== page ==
Does Soda Raise Cancer Risk?
Soda has become ubiquitous in our society, and the rate at which we drink these sugared beverages continues to rise. Many health experts are concerned about a link between soda consumption and an increased risk for cancer.
Several studies have linked carbonated soft drinks with a significant increase in the most common type of cancer of the esophagus in white men in the U.S., and less, directly, with an increased risk of colorectal cancer in women. Medical experts suspect the link to esophageal cancer is due to direct exposure to the acid in soda.
The link to colon and rectal cancer is less direct. Colorectal cancer risk increases in women who consume diets with a high glycemic load. Glycemic load refers to the rate at which we convert sugar from carbohydrates to glucose, which our body needs for fuel. Foods with high glycemic values, such as soda, convert fast and cause a rapid influx of sugar, which in turn creates a sudden-and temporary--elevation in energy and mood (the sugar high). We are healthier, however, when we keep our blood sugar at a relatively consistent level.
Soda Consumption and Obesity
People who drink soda are much more likely to become obese, which is a significant risk factor for many types of cancer. Health experts in California, for example, are attributing much of the state's increasing obesity problem to soda consumption. They believe soda accounts for almost half of the additional calories we've added to the typical American diet over the past few decades.
Drinking one or more sodas per day increases your risk of becoming overweight by 27 percent. There are 17 tablespoons of sugar in a 20-ounce serving of soda; so drinking one soda or other sugar-sweetened drink per day means you consume about 39 pounds of sugar in a year—just in beverages.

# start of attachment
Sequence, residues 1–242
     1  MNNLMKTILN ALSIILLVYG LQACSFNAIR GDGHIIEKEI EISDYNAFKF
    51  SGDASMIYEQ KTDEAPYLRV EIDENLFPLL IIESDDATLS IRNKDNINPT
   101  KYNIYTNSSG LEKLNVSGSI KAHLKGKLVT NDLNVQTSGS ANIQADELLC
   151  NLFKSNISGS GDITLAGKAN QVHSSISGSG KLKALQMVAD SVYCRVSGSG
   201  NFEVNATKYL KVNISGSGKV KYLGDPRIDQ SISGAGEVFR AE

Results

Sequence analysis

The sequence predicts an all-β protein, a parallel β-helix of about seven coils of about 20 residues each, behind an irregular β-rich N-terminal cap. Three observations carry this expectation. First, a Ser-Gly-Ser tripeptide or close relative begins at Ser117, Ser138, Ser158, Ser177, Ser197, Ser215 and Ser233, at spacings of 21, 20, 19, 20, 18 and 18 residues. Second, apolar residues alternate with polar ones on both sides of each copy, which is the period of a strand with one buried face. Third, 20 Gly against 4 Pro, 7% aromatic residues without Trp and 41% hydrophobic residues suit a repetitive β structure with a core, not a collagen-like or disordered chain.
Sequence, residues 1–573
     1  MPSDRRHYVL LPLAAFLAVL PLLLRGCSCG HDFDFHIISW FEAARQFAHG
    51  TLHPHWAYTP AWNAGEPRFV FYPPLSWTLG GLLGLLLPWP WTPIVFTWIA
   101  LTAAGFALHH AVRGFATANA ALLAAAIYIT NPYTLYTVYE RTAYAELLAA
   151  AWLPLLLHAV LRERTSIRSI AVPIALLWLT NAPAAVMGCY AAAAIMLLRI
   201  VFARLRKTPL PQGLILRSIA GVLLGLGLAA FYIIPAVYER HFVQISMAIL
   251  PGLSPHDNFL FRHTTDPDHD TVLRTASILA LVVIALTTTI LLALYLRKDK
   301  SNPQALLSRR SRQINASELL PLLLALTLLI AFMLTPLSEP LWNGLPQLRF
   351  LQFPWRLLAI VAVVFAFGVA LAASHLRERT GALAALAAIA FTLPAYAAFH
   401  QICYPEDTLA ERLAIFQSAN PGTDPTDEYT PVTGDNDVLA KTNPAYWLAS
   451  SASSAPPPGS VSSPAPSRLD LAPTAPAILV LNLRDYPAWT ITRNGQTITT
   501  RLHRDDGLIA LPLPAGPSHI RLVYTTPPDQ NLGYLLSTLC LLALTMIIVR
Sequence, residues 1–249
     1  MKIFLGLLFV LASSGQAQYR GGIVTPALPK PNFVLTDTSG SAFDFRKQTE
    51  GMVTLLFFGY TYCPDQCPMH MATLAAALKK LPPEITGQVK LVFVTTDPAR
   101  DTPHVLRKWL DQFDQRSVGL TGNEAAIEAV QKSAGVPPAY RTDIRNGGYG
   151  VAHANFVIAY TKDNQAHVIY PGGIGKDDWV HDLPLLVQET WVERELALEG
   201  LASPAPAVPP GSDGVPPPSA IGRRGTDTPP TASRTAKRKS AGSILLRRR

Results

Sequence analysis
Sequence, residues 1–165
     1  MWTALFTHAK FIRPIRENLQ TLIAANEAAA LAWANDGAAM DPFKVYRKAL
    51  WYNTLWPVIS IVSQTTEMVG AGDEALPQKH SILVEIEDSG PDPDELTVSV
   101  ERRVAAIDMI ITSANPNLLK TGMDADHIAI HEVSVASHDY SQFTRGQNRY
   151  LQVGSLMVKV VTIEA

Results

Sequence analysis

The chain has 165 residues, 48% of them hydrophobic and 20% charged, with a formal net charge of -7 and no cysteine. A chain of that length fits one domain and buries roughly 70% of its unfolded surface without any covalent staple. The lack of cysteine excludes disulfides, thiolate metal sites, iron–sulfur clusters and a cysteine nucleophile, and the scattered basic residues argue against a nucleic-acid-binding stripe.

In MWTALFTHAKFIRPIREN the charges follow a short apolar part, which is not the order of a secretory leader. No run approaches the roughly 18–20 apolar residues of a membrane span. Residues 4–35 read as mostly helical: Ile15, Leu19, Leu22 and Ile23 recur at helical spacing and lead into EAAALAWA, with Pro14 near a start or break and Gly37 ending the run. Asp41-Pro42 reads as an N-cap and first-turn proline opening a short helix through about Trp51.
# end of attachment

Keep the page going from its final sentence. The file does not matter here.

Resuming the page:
What about Diet Soda?
Aspartame, a sugar substitute used in some diet sodas, has also been blamed for an increase risk in cancer. However, in 2006, the National Cancer Institute conducted the largest U.S. study to date of diet and cancer and found that aspartame did not increase risk for lymphoma, leukemia, or brain cancer. You may be surprised to learn, however, that people who consume artificial sweeteners still tend to gain weight; so aspartame may still contribute, albeit indirectly, to cancer.
Your best bet to maintain optimal health and reduce your cancer risk is to limit your consumption of soda—diet or regular—and drink plenty of water, herbal teas and other non-sweetened beverages.
Lim, U, Subar, A.F., Mouw, T., Hartge, P., Morton, L.M., Stolzenberg-Solomon, R., Campbell, D., Hollenbeck, R.R., and Schatzkin, A. "Consumption of aspartame-containing beverages and incidence of hematopoietic and brain malignancies." Cancer Epidemiology, Biomarkers & Prevention 15 (2006). Web. 12 September 2006. http://www.cancer.gov/cancertopics/factsheet/risk/aspartame
Harby, Karla. "Esophageal Adenocarcinoma Appears to Be Affected by Common Beverages." Digestive Disease Week 2004: Abstract 386, presented May 17, 2004; abstract W1354, presented May 19, 2004. Medscape Medical News. Web. 18 May 2004.
Hui, Hongxiang MD, Ph.D; Huang, Danshan MD; McArthur, David Ph.D; Nissen, Nicholas MD; Boros, Laszlo G. MD; and Heaney, Anthony P. MD, Ph.D. "Direct Spectrophotometric Determination of Serum Fructose in Pancreatic Cancer Patients." Pancreas Volume 38 - Issue 6 (August 2009): 706-712. Web.
Hung, Mindy. "High Dietary Glycemic Load May Increase Colorectal Cancer Risk in Women." Journal National Cancer Institute 96 (2004): 229-233. Medscape Medical News. Web. 3 February 2004.
Babey, Susan H., Jones, Malia, Yu, Hongjian, and Goldstein, Harold. "Bubbling Over: Soda Consumption and its Link to Obesity in California." UCLA Center for Health Policy Research. Web. September 2009.
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